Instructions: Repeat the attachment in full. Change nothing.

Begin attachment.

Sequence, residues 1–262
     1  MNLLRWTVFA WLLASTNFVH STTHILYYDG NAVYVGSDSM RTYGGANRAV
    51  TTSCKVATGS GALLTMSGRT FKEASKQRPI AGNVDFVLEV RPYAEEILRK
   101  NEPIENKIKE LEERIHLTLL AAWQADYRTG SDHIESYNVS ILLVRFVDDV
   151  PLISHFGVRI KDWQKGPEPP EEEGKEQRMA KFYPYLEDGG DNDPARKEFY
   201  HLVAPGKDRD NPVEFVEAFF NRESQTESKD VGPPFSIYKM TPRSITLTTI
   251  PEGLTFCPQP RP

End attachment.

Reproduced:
Sequence, residues 1–262
     1  MNLLRWTVFA WLLASTNFVH STTHILYYDG NAVYVGSDSM RTYGGANRAV
    51  TTSCKVATGS GALLTMSGRT FKEASKQRPI AGNVDFVLEV RPYAEEILRK
   101  NEPIENKIKE LEERIHLTLL AAWQADYRTG SDHIESYNVS ILLVRFVDDV
   151  PLISHFGVRI KDWQKGPEPP EEEGKEQRMA KFYPYLEDGG DNDPARKEFY
   201  HLVAPGKDRD NPVEFVEAFF NRESQTESKD VGPPFSIYKM TPRSITLTTI
   251  PEGLTFCPQP RP